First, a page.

Friday, July 25, 2008

Sunglasses, Cynicism and Terrorism

How nice to find that there are honest people in London. I drunkenly dropped my sunglasses in Potion on Maple Street last night and only figured out that I was missing them this morning. When I popped up to Potion, someone had handed them in AND none of the staff kept them for themselves. I suppose that the vast majority of people are honest, otherwise society would simply break down. My cynicism level is now officially reduced to ‘substantial’.

Incidentally, the Home Office’s national security threat level is currently ‘severe’, which means ‘an attack is highly likely’. Wonder if it ever gets lower than that?

Wednesday, July 23, 2008

Carphone Warehouse Woes

From my cursory online research, it seems that few companies are as reviled as Carphone Warehouse. Having had dealings with them over the last few weeks, I can see why. It’s been a while since I’ve felt an entirely rational desire to petrol bomb the headquarters of a major UK Corporation (since my Virgin Media vendetta last year), but I’m definitely getting the urge right now.

It started with 2 faulty phones (the apparently extremely unreliable Sony Ericsson C902) and a desire to cancel my upgrade contract within the stated 14 day cooling off period. I haven’t got time to go through a blow-by-blow account, but my experience has so far included dishonest salesmanship, woeful customer service, misinformation both deliberate and through sheer ignorance and lack of joined up IT infrastructure. Individually people have often been helpful, but the Carphone Warehouse system seems designed to block anyone wanting to take money back out of it.

One thing to bear in mind – once you’ve put the SIM that comes with the upgrade into your phone, that’s it – the contract is impossible to get out of. They don’t tell you this anywhere in their literature, but if you’re at all unsure of the deal being offered do your homework BEFORE you upgrade. If I’d done that, I wouldn’t be stuck with a fault-prone blingphone and an 18 month contract I don’t want through a company I hate.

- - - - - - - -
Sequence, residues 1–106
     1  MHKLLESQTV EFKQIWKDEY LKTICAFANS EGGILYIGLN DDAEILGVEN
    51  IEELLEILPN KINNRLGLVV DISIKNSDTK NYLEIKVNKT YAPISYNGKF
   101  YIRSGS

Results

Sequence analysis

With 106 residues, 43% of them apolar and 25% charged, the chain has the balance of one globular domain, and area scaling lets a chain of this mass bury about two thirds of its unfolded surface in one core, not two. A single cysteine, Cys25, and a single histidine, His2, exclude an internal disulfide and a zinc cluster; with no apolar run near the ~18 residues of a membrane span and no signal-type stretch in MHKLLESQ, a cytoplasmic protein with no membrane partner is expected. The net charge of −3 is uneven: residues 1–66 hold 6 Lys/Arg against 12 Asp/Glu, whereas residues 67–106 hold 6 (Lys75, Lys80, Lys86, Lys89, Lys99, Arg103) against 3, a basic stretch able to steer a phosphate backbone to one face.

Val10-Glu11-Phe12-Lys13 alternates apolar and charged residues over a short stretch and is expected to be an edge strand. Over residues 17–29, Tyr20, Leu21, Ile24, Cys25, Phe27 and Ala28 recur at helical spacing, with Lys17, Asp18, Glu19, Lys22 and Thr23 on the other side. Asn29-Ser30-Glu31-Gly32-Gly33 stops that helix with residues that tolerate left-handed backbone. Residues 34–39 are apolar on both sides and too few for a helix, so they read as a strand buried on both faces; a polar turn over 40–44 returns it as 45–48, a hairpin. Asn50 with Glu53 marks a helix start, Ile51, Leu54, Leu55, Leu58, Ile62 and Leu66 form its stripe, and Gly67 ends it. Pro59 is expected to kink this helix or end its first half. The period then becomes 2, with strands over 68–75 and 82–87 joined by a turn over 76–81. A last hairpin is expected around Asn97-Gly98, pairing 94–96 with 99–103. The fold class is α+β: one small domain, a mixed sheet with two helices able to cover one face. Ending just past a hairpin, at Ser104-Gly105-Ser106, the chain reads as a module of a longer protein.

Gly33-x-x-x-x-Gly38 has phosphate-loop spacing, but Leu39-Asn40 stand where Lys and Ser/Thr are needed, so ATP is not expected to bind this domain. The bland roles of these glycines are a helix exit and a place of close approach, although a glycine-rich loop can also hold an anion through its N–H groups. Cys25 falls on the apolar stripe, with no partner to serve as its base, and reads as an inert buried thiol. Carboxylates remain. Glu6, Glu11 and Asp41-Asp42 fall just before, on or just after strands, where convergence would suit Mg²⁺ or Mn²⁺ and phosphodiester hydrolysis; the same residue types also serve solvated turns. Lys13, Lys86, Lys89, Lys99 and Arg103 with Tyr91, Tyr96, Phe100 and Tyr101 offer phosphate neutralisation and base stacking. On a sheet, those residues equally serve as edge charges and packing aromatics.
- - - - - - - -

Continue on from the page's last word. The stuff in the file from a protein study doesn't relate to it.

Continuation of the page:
GTA4 3 Leaf Clover Guide for Crap Gamers Like Me

I feel an enormous sense of achievement today, the quiet shit-eating satisfaction of a job well done.

Bank job that is.

Last night, aided by an Irish-American cokehead gangster and his IRA-supporting heroin-addicted brother, I robbed a bank and shot dozens of police in a pitched battle before making my escape with a cool $250k in cash.

Yes, you’ve guessed it – this isn’t the blog confession of a psychopath (I tend to define myself as merely sociopathic), I’m playing Grand Theft Auto IV and managed to complete the ‘3 Leaf Clover’ mission.

Now, I don’t mind admitting I’m a bit of a rubbish gamer, frankly. It took me at least 20 attempts to complete this mission. The Xbox360 must be a robust thing, as it survived being repeatedly thrown down in disgust as I died AGAIN or one of my fuck-witted AI cronies jumped onto one of my grenades.

So here’s my guide to the 3 Leaf Clover bank job mission for crap/elderly gamers like me:

  • Buy body armour before the mission – the fire-fight with police is merciless and you’ll need it
  • Be careful with grenades, as Packie and Derrick tend to get accidentally blown up
  • Use cover as much as possible and follow your AI buddies rather than leading the way
  • Go for headshots on the police by shifting your right stick up slightly when locked on with auto-aim
  • Pick up as much combat rifle ammo as you can from the weapons left by dead cops
  • There’s a bulletproof jacket to pick up from the left of a police car as you run through Chinatown and a health pack down a corridor at the bottom of the stairs of the Subway service tunnel
  • When you’re making your getaway in the hideously bouncy Chelsea Tractor (it’s conveniently parked near where you emerge from the subway), drive north and ignore the satnav route. The police have barricade the bridges, so it’s better to lose your wanted level BEFORE leaving Algonquin

Now I’ve completed the mission, I’m not sure how I’ll spend my cash – although the combat sniper’s rifle looks tempting. Oh, the morality-free entertainment that is GTA4! No wonder our teenagers are stabbing each in the streets…

Friday, July 18, 2008

I Dreamt a Song Last Night

I can still remember some of the lyrics. I was improvising with a rock star while interviewing him outside the ruins of my old university building in West Ham. We were both riding those big black bikes you find in Amsterdam. What does that symbolise, I wonder? Any psychoanalysts visiting?

Here are the words I can still recall:

There was a road,

And along that road,

There was a field,

And through that field,

Ran a river of blood,

It flowed,

Deep and wide,

No one knew where

Along that road,

Along that road

Thursday, July 17, 2008